In 1865, when Texas found itself in an economic depression, its population of wild Longhorn cattle—which had grown to nearly five million during the Civil War—had the potential to serve as a major source of income. But demand in Texas and its surrounding states was low at the time. To capitalize, Texans would need to sell these assets elsewhere: enter the cattle drive. Serving as a critical economic lifeline, cattle drives led by cowboys, or “drovers,” took herds of wild Longhorn cattle north to market, where they could be sold for a significantly higher price. One of the most famous cattle drive routes, Chisholm Trail, ran from San Antonio through Oklahoma and Kansas, making a stop in Fort Worth, Texas.
From the mid-to-late 1800s, Fort Worth—eventually known as Cowtown—was the epicenter of cattle buying and trading in the United States. In 1876, Texas & Pacific Railway made its way to the area, solidifying the city as one of the largest livestock-trading centers in the United States. By the mid-1950s, the industry began to decline alongside the railroads, although its storied legacy remains. Today, Fort Worth’s history is at the forefront of its narrative (particularly in the Historic Stockyards District), but the city doesn’t dwell in the past. Rather, Fort Worth uses its story to maintain a sense of authenticity and groundedness while continuing to evolve.
Recently, this growth has come in the form of a $500 million redevelopment and revitalization of the Stockyards. A new luxury hotel, a 26,000-square-foot live music venue, and a collection of carefully restored and repurposed 100-year-old horse and mule barns have joined Fort Worth’s year-round rodeo, the world’s largest Honky Tonk, and the famed twice-daily Longhorn cattle drives. This evolution is also found outside of the Historic District. Most notably, the National Juneteenth Museum, which will live alongside the upcoming African American Museum, is set to break ground in 2023. Whether you’ve never been to Cowtown or you’re visiting for the first time since the Stockyards’ redevelopment, here is our guide to where to stay and the best things to do in Fort Worth.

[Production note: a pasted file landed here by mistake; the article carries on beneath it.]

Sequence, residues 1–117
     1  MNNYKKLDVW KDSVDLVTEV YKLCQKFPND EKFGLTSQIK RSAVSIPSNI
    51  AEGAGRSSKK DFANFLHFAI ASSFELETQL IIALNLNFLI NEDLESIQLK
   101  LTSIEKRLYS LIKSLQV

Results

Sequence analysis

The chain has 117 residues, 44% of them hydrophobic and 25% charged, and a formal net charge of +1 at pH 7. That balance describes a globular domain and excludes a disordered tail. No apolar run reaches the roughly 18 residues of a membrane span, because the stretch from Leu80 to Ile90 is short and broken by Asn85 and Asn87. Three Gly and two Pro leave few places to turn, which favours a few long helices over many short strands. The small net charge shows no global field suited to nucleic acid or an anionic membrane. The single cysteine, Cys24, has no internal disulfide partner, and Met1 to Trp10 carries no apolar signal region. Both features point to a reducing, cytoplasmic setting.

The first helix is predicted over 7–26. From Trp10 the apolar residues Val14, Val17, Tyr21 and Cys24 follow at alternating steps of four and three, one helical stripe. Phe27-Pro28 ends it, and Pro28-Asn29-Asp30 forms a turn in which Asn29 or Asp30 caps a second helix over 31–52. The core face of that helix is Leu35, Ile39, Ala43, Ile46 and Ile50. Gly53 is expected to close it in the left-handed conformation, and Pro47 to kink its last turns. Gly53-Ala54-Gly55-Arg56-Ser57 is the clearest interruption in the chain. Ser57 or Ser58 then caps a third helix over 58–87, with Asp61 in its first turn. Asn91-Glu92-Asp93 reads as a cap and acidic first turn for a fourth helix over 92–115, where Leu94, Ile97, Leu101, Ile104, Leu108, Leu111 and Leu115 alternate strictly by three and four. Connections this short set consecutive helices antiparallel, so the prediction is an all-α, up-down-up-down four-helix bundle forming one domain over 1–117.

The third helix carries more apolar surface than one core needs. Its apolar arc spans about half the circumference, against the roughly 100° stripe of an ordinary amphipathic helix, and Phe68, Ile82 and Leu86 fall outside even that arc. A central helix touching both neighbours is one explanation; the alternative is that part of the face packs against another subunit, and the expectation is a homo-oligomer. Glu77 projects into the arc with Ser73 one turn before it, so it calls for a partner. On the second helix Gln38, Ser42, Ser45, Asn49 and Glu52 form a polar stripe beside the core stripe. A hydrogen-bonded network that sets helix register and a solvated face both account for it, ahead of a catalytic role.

Getting to and around Fort Worth
Fort Worth can be accessed by either Dallas-Fort Worth International Airport or Dallas Love Field, the city’s smaller, regional airport. Both are about 30 minutes from downtown, and getting an Uber or Lyft is relatively straightforward. The Stockyards Historic District is incredibly walkable—and it’s even legal to stroll around with an alcoholic drink à la New Orleans and Savannah. Public transportation options include the citywide bus system, Trinity Metro, and Molly the Trolley—a vintage-style trolley that runs every 15 minutes (from 10:00 am to 10:00 pm), seven days a week. The route is designed as a loop, extending from Fort Worth Convention Center to Sundance Square, with several stops along the way, including Trinity Metro’s Fort Worth Central Station and Fort Worth Water Gardens. You can hop on or off as needed; tickets are not required.
Best things to do in Fort Worth
Embracing cowboy culture is par for the course here. As you turn off North Main Street and onto East Exchange Avenue, you’ll enter the Historic Stockyards. A popular filming location (the first two episodes of Taylor Sheridan’s miniseries, 1883, recently shot here), the neighborhood is arguably the city’s main attraction. Cowboy hats and boots are a common choice of apparel for those meandering through the Old West atmosphere—and they fit right in during the cattle drive, which brings the Fort Worth herd through town every day at 11:30 am and 4 pm. A decidedly tourist event, yes, but it’s also something travelers should do at least once while there. Sightseeing in Fort Worth also includes absorbing history inside the Livestock Exchange (once called the "Wall Street of the West”), the Texas Rodeo Cowboy Hall of Fame, and “John Wayne: An American Experience Exhibit,” which gives visitors a closer look at the actor who embodied the American West.